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Power of Attorney - any advice??


Registered User
Aug 27, 2013

This is a long shot but I thought someone here might be able to help my family. My father passed away recently from dementia. I am an only child (32) and mum is 76. Mum is in good health but worryingly she currently have no power of attorney in place.

Mum was happy to sign me as power of attorney. But, she has now gone down the solicitors, and they advised I am signed joint attorney with the solicitor. I can't agree to this as I live over 200 miles away and would be nightmare getting each and every legal document and cheque signed by us both. Mum has a couple of flats she rents out, some investments etc and so looking after these and her already slightly tricky from a distance and also around full time job. Before mum was comfortable with my being sole attorney and another family member as back up just in case.

She is now considering many options - distant family members who have apparently agreed to be her attorney (I am seriously worried they will simply drop out when they realise how much work having never experienced this before and then mum will be really stuck), even having three people are joint attorneys (again, can't see how they would all agree on anything especially in a crisis).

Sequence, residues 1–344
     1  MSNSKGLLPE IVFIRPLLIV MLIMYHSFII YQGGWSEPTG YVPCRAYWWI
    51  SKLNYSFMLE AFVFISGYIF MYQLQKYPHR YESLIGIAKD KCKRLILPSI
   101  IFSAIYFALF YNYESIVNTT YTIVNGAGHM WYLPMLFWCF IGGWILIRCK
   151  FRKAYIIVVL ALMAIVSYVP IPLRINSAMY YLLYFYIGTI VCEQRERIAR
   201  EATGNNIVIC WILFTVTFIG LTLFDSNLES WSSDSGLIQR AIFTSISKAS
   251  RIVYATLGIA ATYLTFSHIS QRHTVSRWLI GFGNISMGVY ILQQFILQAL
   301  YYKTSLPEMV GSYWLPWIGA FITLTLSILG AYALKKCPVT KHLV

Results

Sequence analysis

Does anyone have any advice on what I should do or how I can do my best to ensure what she at least gets something in place that is actually workable? At the moment she is attempting to keep any control she can - writing in all kinds of conditions to the document regarding what an attorney can do.

I have tried to explain but mum switches off at this legal stuff. She has been a housewife all her life and this overwhelms and bores her. She just thinks I am difficult/ not suitable because I won't just agree to her plans regardless of implications down the line for her. That turns her off me being her attorney at all. I've tried pointing out she needs to be careful of making it too tight now as we simply don't know what the future holds and it could end up tying her into decisions she doesn't want latter on.

I have no siblings, no dad around and no one else able to help guide mum in this important decision. Solicitor just wants mum to instruct her but she needs at least some guidance as to the implications of whatever she decides... The other family members all want to either a) keep out of what they see as trouble (most of them) b) may want to use this to leverage gifts from her for themselves. The gifts are already being leveraged but as mum is in good state of mind I can do little. She thinks this is all fine and she is just being kind responding to these requests. I think the relatives are prone to seeking a nice little earner for themselves where they can and are therefore unsuitable to be attorneys.

We are not very close to extended family so I can't really expect much else unfortunately. When dad was ill and mum carer for 5 years they didn't even visit her.

Above all else I have tried to keep a good relationship with my mother now dad isn't around to look out for her but it is harder than I could have possibly imagined to balance both this and doing the right thing. I know there is also only so much I can do to help mum but i want to do everything I can to ensure that things turn out ok for her.


Registered User
Apr 6, 2011